Egypt plans to expand the Suez Canal, raising hopes that the end of its economic crisis may be in sight. But some analysts say they expect the project may cost too much and take too long to make life better for everyday Egyptians. VOA's Heather Murdock reports.
Video

Video Threat of Creeping Lava Has Hawaiians on Edge

Residents of the small town of Pahoa on the Big Island of Hawaii face an advancing threat from the Kilauea volcano. Local residents are keeping a watchful eye on creeping lava. Mike O’Sullivan reports.
Video

Video Pro-Kremlin Youth Group Creatively Promotes 'Patriotic' Propaganda

As Russia's President Vladimir Putin faces international pressure over Ukraine and a failing economy, unofficial domestic groups are rallying to his support. One such youth organization, CET, or Network, uses creative multimedia to appeal to Russia's urban youth with patriotic propaganda. VOA's Daniel Schearf reports.
Video

Video Filmmakers Produce Hand-Painted Documentary on Van Gogh

The troubled life of the famous 19th century Dutch painter Vincent van Gogh has been told through many books and films, but never in the way a group of filmmakers now intends to do. "Loving Vincent " will be the first ever feature-length film made of animated hand-painted images, done in the style of the late artist. VOA’s George Putic reports.
Video

Video Issues or Ethnicity? Question Divides Nigeria

As Nigeria goes to the polls next month, many expect the two top presidential contenders to gain much of their support from constituencies organized along ethnic or religious lines. But are faith and regional blocs really what political power in Nigeria is about? Chris Stein reports.
Video

Video Rock-Consuming Organisms Alter Views of Life Processes

Scientists thought they knew much about how life works, until a discovery more than two decades ago challenged conventional beliefs. Scientists found that there are organisms that breathe rocks. And it is only recently that the scientific community is accepting that there are organisms that could get energy out of rocks. Correspondent Elizabeth Lee reports.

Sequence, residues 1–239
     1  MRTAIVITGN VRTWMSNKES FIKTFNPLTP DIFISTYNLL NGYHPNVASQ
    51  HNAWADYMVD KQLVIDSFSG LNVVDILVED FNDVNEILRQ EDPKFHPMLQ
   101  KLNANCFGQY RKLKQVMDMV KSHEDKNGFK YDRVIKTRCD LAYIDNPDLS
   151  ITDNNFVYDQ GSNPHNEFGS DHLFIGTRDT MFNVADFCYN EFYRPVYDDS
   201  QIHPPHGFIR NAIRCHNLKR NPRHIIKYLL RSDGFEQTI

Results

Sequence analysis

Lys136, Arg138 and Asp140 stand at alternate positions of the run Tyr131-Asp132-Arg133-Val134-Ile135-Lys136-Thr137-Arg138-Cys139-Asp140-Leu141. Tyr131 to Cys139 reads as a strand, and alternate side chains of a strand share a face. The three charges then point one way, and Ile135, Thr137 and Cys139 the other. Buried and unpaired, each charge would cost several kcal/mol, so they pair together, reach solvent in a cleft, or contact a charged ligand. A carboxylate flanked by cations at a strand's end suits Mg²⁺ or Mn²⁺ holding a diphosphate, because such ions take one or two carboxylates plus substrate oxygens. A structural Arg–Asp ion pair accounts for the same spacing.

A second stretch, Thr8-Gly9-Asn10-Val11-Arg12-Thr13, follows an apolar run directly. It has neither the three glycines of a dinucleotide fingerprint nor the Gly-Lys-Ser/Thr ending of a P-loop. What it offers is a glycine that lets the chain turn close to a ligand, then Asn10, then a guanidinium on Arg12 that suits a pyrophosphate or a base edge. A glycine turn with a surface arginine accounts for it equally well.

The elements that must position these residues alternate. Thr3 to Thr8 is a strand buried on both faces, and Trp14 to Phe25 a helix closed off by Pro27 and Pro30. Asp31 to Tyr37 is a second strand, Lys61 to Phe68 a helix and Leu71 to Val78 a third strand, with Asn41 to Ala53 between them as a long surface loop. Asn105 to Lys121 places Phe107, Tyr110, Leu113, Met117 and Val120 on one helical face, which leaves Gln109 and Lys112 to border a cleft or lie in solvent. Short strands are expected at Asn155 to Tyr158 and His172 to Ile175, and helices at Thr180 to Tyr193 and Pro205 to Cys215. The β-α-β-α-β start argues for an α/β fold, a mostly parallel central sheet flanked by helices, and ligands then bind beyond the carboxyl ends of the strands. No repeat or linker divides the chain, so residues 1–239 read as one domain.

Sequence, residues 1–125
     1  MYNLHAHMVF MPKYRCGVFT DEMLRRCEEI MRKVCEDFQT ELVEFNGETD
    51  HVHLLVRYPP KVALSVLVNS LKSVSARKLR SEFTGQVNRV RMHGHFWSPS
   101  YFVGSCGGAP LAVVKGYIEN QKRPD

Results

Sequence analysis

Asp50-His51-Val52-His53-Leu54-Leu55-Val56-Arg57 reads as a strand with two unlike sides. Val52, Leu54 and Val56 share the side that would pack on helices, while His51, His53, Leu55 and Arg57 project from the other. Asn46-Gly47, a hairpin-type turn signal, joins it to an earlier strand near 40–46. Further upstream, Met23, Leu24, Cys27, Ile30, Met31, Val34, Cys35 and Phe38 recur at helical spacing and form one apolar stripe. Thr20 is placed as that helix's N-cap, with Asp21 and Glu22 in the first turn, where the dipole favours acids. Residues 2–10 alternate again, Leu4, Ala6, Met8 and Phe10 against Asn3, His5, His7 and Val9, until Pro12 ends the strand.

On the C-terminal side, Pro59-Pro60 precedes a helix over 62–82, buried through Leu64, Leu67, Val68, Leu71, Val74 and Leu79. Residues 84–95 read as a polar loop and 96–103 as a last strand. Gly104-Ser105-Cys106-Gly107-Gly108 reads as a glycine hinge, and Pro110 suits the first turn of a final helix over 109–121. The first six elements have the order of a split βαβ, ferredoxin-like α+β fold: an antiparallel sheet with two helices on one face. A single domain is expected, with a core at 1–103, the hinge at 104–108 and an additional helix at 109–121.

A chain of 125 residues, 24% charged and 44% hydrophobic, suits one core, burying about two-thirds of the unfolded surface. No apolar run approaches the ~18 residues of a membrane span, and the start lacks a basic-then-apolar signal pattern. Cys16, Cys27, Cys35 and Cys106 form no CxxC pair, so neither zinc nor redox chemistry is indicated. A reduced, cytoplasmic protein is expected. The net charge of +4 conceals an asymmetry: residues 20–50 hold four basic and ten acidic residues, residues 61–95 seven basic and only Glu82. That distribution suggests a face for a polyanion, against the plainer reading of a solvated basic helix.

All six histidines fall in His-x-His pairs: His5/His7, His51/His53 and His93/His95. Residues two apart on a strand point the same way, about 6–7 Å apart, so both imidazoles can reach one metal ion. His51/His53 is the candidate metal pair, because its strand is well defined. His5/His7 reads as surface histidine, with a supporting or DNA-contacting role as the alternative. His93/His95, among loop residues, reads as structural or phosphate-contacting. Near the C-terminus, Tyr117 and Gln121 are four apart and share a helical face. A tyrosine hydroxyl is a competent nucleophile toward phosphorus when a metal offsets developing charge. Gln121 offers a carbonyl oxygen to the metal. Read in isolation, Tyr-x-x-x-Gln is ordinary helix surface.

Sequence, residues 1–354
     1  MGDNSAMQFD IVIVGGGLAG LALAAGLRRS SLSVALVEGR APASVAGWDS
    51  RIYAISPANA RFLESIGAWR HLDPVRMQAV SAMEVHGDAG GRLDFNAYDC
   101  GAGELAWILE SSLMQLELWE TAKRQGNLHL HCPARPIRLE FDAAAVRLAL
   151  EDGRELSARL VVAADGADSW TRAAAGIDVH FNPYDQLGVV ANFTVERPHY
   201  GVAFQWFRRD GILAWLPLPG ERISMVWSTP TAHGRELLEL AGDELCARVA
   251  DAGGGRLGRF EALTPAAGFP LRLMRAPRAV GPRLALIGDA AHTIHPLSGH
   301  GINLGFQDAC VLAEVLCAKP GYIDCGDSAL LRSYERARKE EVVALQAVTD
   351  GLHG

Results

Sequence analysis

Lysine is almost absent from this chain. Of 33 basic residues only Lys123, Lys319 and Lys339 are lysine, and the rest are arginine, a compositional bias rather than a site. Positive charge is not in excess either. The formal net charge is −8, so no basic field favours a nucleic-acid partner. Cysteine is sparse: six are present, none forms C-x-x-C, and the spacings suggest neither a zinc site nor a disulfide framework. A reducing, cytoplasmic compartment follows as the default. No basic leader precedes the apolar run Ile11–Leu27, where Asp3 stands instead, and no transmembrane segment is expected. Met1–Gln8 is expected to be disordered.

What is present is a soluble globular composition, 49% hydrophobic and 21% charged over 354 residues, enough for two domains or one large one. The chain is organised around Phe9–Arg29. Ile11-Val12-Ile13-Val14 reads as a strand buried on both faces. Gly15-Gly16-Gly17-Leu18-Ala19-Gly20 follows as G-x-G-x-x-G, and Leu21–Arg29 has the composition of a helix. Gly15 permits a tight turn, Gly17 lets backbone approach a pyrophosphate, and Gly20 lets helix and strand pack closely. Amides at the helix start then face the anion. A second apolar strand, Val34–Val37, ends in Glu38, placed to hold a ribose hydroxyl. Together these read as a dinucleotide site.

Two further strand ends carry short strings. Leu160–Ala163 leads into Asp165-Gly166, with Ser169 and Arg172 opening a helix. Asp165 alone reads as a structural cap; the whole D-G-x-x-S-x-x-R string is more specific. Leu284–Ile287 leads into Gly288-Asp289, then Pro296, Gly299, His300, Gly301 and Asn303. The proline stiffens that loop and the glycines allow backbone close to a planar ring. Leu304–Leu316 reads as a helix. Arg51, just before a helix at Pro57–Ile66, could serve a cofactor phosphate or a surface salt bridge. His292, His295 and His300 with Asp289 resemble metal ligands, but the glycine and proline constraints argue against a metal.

Video

Video Paris Attacks Highlight Global Weapons Black Market

As law enforcement officials piece together how the Paris and Belgian terror cells carried out their recent attacks, questions are being asked about how they obtained military grade assault weapons - which are illegal in the European Union. As VOA's Jeff Swicord reports, experts say there is a very active worldwide black market for these weapons, and criminals and terrorists are buying.
Video

Video Activists Accuse China of Targeting Religious Freedom

The U.S.-based Chinese religious rights group ChinaAid says 2014 was the worst year for religious freedom in China since the end of the Cultural Revolution. As Ye Fan reports, activists say Beijing has been tightening religious controls ever since Chinese leader Xi Jinping came to office. Hu Wei narrates.
Video

Video Theologians Cast Doubt on Morality of Drone Strikes

In 2006, stirred by photos of U.S. soldiers mistreating Iraqi prisoners, a group of American faith leaders and academics launched the National Religious Campaign Against Torture. It played an important role in getting Congress to investigate, and the president to ban, torture. VOA's Jerome Socolovsky reports.
Video

Video Former Sudan 'Lost Boy' Becomes Chess Master in NYC

In the mid-1980’s, thousands of Sudanese boys escaped the country's civil war by walking for weeks, then months and finally for more than a year, up to 1,500 kilometers across three countries. The so-called Lost Boys of the Sudan had little time for games. But one of them later mastered the game of chess, and now teaches it to children in the New York area. VOA’s Bernard Shusman in New York has his story.
Video

Video NASA Monitors Earth’s Vital Signs From Space

The U.S. space agency, NASA, is wrapping up its busiest 12-month period in more than a decade, with three missions launched in 2014 and two this month, one in early January and the fifth scheduled for January 29. As VOA’s Rosanne Skirble reports, the instruments being lifted into orbit are focused on Earth’s vital life support systems and how they are responding to a warmer planet.

Circumventing Censorship

An Internet Primer for Healthy Web Habits

As surveillance and censoring technologies advance, so, too, do new tools for your computer or mobile device that help protect your privacy and break through Internet censorship.
More

All About America

AppleAndroid